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Rebellion Record: a Diary of American Events: Documents and Narratives, Volume 7. (ed. Frank Moore) 22 0 Browse Search
Southern Historical Society Papers, Volume 11. (ed. Reverend J. William Jones) 21 1 Browse Search
John Bell Hood., Advance and Retreat: Personal Experiences in the United States and Confederate Armies 20 2 Browse Search
Colonel William Preston Johnston, The Life of General Albert Sidney Johnston : His Service in the Armies of the United States, the Republic of Texas, and the Confederate States. 18 2 Browse Search
General Joseph E. Johnston, Narrative of Military Operations During the Civil War 9 1 Browse Search
William F. Fox, Lt. Col. U. S. V., Regimental Losses in the American Civil War, 1861-1865: A Treatise on the extent and nature of the mortuary losses in the Union regiments, with full and exhaustive statistics compiled from the official records on file in the state military bureaus and at Washington 8 0 Browse Search
Horace Greeley, The American Conflict: A History of the Great Rebellion in the United States of America, 1860-65: its Causes, Incidents, and Results: Intended to exhibit especially its moral and political phases with the drift and progress of American opinion respecting human slavery from 1776 to the close of the War for the Union. Volume II. 8 0 Browse Search
Eliza Frances Andrews, The war-time journal of a Georgia girl, 1864-1865 8 8 Browse Search
John Dimitry , A. M., Confederate Military History, a library of Confederate States Military History: Volume 10.1, Louisiana (ed. Clement Anselm Evans) 7 1 Browse Search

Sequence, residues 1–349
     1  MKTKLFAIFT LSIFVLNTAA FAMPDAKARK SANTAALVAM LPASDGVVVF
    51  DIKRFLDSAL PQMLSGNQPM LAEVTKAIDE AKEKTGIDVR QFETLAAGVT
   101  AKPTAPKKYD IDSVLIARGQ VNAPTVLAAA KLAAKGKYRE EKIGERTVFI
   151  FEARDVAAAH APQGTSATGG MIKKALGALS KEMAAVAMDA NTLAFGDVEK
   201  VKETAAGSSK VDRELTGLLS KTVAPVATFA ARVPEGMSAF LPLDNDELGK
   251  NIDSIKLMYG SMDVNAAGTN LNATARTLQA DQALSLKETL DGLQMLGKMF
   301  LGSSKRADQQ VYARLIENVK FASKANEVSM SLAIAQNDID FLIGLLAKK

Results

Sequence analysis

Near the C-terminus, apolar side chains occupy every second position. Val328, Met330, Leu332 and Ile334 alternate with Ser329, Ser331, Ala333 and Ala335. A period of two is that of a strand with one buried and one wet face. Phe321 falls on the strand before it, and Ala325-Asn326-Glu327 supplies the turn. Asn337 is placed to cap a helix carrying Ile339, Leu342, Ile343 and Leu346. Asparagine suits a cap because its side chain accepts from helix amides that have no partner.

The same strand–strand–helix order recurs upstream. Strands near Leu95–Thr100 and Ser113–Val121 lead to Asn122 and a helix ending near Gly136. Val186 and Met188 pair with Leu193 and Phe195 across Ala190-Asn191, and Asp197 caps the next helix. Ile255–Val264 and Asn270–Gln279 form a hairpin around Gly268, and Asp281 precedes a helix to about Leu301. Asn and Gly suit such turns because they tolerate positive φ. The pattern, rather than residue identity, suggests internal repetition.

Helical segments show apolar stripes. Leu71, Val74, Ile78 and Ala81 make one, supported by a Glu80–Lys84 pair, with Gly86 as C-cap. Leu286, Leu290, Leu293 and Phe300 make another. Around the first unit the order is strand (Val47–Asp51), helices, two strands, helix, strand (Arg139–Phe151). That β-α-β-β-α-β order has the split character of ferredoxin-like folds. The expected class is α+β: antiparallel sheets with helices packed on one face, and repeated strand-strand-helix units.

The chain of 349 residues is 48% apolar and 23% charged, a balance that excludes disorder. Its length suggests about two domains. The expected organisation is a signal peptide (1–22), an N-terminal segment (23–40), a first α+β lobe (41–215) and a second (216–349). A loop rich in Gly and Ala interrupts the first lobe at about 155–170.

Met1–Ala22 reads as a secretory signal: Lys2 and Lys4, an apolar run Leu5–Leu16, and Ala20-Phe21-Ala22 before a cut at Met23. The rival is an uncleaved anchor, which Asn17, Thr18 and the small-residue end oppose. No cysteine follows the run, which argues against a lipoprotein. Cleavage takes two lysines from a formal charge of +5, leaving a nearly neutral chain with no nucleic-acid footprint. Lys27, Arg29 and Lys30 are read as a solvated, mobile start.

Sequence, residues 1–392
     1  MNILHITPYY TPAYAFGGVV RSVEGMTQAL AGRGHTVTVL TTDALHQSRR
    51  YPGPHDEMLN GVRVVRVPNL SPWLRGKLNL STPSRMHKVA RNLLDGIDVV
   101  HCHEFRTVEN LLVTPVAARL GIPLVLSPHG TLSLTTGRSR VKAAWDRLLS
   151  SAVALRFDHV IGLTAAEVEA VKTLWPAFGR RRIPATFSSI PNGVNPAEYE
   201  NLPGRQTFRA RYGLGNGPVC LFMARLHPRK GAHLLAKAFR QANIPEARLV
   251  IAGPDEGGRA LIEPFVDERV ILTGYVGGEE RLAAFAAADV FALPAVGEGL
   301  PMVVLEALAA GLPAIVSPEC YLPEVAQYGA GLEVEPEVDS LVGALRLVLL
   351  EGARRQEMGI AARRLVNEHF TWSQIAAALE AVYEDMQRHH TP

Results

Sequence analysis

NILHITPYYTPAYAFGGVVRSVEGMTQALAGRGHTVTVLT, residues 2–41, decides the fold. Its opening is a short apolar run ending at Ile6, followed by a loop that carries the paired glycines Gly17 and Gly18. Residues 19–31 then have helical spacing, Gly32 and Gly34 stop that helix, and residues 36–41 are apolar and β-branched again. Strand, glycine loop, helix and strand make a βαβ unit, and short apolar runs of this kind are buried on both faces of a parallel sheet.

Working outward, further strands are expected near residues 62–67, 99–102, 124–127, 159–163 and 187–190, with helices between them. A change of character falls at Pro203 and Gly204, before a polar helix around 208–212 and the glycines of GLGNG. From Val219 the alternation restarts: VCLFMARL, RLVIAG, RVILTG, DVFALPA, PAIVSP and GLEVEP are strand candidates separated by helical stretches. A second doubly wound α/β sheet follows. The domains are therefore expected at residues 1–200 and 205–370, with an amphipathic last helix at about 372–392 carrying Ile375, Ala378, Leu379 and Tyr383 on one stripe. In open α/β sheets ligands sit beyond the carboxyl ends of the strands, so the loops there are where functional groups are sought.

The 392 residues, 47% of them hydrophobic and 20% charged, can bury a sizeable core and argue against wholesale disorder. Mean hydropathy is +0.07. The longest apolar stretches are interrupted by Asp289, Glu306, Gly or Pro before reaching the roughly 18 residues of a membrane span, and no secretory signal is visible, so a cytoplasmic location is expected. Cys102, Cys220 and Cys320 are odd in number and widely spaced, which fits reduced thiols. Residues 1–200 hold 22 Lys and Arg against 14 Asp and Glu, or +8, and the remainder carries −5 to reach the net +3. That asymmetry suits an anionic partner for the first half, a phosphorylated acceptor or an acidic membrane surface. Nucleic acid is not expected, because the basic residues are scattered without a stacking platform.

Southern Historical Society Papers, Volume 28. (ed. Reverend J. William Jones) 6 0 Browse Search
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Browsing named entities in Eliza Frances Andrews, The war-time journal of a Georgia girl, 1864-1865. You can also browse the collection for Walthall or search for Walthall in all documents.

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Eliza Frances Andrews, The war-time journal of a Georgia girl, 1864-1865, chapter 4 (search)
wild-goose chase towards Atlanta were aboard, and we also found Mrs. Walthall, going to Washington to visit Gen. Toombs's family, and Mrs. Pak, he said, if it was too crowded. Mett and I then got in, and Mrs. Walthall climbed in after us. I felt rather ashamed of myself for all thve said about the old governor, but I couldn't help laughing at Mrs. Walthall, who overwhelmed him with gracious speeches, and then, the minus I liked best, were Mrs. Young and Dr. Morrow, from Marietta. Mrs. Walthall introduced us to her escort, Col. Lockett, an old bachelor, buthters and they were to start at once. After the Toombses left, Mrs. Walthall asked Mett and me to share her room, as she was afraid to stay saw the Georgia cadets on dress parade in front of the capitol. Mrs. Walthall and Col. Lockett joined us there, with several gentlemen that we Simpsons again, and Col. Lockett, who had secured lodging for Mrs. Walthall at a private house, advised us to go on to Culver's, where we h
Eliza Frances Andrews, The war-time journal of a Georgia girl, 1864-1865, V. In the dust and ashes of defeat (may 6-June 1, 1865). (search)
ffered the Yankees to see them shed a tear, though both are ready to die of grief, and Mrs. DuBose on the verge of her confinement, too. Everything is moved out of the house now, and Mrs. Toombs says she hopes it will be burned rather than used by the miserable plunderers and their negro companions. The family have found shelter with their relatives and distributed their valuables among their friends. The family pictures and some of the plate are stored in our house, and mother invited Mrs. Walthall here, but she went to the Anthonys', knowing how crowded we are. Cora staid with them till late in the afternoon, when the news of Henry's arrival brought her home. I hope the general will get off safe, and Gov. Brown too, though I never admired him. But when people are in misfortune is no time to be bringing up their faults against them. The most infamous thing I ever heard of even a Yankee doing, was their trying to entrap Gen. Toombs's little grand-children into betraying him, a